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New York alliance pushing for regional barge network

Proponents say increased use of waterways would offset trucks and relieve congested roadways.

The Port Authority of New York and New Jersey and New York City Economic Development Corporation (NYCEDC) have announced the creation of the North Atlantic Marine Highway Alliance, which will seek to foster the use of barge services to offset the use of trucks and supplement rail cargo to and from the Port of New York and New Jersey.

The alliance will serve in an advisory capacity on research, analysis and relationship building to support the realization of a financially viable, regional barge network, according to an announcement from the port authority. The alliance will be composed of public agencies, port authorities, marine terminal operators and service providers and will provide a forum for stakeholders to work collaboratively to develop and expand regional barge services among two or more North Atlantic ports, ranging from Maryland to Maine.

Development of the North Atlantic Marine Highway Alliance complements Freight NYC, a $100 million plan released by NYCEDC earlier this year. The plan aims to reduce dependency on trucking for distribution and increase use of rail freight and marine barging to move freight in and around the New York City. Freight volumes are forecast to increase nearly 70 percent by 2025, according to the port authority.

The U.S. Department of Transportation’s Maritime Administration will be supporting efforts to create a regional barge network through its marine highway grant program. In August, NYCEDC was awarded approximately $300,000 through a federal grant. The grant, which will be matched by the City of New York and potentially by other advisory group members, will be used to research potential markets and operational elements of the barge system, the port authority said.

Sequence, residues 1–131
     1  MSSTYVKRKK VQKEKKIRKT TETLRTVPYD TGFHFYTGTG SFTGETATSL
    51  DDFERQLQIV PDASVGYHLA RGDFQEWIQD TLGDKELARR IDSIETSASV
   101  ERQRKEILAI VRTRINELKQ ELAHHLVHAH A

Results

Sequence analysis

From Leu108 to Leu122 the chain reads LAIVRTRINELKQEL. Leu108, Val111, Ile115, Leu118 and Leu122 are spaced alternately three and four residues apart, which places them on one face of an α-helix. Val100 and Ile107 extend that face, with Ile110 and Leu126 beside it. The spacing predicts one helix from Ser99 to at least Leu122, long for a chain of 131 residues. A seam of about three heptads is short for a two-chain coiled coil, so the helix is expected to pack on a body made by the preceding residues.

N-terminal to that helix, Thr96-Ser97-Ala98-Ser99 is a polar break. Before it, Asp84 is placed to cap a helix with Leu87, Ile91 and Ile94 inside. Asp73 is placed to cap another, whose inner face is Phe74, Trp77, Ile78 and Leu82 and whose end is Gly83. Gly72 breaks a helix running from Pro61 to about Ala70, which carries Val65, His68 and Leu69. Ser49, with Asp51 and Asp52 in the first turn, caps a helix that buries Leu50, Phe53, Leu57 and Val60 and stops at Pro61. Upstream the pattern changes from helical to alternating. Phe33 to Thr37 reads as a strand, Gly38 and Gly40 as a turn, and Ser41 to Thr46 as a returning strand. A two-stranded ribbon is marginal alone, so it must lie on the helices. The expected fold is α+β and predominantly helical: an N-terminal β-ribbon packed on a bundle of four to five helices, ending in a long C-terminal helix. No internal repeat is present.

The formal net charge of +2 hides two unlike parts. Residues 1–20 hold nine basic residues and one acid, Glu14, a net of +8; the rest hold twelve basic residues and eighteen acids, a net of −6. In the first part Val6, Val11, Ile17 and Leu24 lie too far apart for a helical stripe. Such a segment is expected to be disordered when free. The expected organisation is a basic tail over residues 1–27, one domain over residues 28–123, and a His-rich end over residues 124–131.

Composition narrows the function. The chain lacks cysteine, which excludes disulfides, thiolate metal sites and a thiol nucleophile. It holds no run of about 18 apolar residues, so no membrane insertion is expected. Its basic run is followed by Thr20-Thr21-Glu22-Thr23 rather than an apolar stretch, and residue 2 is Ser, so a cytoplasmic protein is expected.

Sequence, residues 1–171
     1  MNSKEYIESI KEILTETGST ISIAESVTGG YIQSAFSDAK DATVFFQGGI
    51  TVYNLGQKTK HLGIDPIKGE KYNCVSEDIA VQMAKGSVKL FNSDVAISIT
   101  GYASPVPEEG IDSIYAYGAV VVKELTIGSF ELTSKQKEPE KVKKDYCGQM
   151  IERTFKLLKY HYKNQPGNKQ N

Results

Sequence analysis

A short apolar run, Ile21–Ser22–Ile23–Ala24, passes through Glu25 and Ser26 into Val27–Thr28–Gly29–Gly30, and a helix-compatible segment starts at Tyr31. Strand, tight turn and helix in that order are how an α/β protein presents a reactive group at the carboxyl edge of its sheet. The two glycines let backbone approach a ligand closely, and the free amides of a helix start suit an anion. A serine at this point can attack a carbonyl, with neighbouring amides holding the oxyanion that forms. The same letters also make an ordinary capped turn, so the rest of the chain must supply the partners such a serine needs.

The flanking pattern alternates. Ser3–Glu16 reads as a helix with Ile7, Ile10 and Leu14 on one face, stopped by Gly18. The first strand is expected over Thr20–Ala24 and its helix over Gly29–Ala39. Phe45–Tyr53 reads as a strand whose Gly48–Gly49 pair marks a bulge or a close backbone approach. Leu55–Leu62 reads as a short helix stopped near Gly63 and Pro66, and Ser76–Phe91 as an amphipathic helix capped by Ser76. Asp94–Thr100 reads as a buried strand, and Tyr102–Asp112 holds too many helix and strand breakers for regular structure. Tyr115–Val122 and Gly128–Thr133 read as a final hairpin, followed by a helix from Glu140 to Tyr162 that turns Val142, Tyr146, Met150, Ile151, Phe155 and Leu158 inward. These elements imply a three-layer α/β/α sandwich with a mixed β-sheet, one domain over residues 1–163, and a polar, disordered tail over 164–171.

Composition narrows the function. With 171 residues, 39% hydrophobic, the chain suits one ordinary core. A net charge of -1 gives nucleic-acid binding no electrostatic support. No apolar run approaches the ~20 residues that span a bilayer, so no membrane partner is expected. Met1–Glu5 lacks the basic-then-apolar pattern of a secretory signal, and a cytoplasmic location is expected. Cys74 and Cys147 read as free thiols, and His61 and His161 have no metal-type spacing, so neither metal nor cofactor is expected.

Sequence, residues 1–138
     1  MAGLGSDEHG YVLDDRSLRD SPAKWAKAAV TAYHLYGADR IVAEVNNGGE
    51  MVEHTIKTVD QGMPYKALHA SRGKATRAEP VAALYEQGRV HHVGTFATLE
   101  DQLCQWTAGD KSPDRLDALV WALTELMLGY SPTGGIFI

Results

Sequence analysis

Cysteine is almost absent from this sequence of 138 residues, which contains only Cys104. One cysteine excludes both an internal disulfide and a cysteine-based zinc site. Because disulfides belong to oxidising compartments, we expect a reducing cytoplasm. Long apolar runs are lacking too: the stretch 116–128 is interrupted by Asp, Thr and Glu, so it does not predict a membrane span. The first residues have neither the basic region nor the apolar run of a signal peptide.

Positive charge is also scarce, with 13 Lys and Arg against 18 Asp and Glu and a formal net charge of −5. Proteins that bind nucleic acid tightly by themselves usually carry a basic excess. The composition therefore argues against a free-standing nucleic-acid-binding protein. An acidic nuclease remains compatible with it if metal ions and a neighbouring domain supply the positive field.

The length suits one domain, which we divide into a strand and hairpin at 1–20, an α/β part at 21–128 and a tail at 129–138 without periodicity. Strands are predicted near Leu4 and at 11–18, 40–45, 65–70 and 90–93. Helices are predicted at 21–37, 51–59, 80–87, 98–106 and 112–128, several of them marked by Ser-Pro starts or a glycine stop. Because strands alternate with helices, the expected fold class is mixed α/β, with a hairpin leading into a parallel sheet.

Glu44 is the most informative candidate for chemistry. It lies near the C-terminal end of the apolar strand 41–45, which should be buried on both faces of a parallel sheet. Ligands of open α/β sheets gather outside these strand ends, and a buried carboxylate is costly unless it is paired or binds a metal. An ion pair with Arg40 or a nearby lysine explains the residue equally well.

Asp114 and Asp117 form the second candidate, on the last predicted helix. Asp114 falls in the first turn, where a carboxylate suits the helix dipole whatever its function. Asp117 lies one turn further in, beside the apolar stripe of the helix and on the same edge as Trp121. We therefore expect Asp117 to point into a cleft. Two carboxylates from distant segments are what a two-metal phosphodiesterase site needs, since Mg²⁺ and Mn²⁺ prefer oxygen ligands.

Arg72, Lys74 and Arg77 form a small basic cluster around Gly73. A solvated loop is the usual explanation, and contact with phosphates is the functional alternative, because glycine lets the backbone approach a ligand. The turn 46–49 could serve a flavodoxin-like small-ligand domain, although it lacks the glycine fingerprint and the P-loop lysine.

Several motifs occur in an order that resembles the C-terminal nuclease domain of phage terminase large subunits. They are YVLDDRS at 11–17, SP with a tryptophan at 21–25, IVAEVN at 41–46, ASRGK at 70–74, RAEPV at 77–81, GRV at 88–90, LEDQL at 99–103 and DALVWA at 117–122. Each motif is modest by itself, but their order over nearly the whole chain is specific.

“Our goal is to balance the need to efficiently and effectively move freight throughout the region and beyond, while continuing to be good environmental stewards to the communities that surround our port facilities,” said Rick Cotton, port authority executive director. “This new alliance will help us achieve that goal by seeking to foster more environmentally friendly barge services to transport cargo to and from the port, which will supplement other major initiatives we have in place that address emissions reductions and air quality for those who live and work in the port community.”

NYCEDC President and CEO James Patchett said, “Reducing the amount of cargo coming in and out of the New York City metro area by truck is key to improving air quality and decreasing congestion. NYCEDC’s Freight NYC plan underscores the potential that our waterways have to catalyze the city’s freight distribution network. In partnership with other members of the North Atlantic Marine Highway Alliance, we can develop a sustainable regional barge network that will support a 21st century economy.”

Rep. Jerrold Nadler, D-N.Y., said, “I have long stated that the New York region needs a better way to move goods, plain and simple. We must end our over-reliance on trucks that clog and destroy our roads, make the cost of doing business and consumer goods more expensive, harms our environment, raises childhood asthma rates and creates safety and national security vulnerabilities.”

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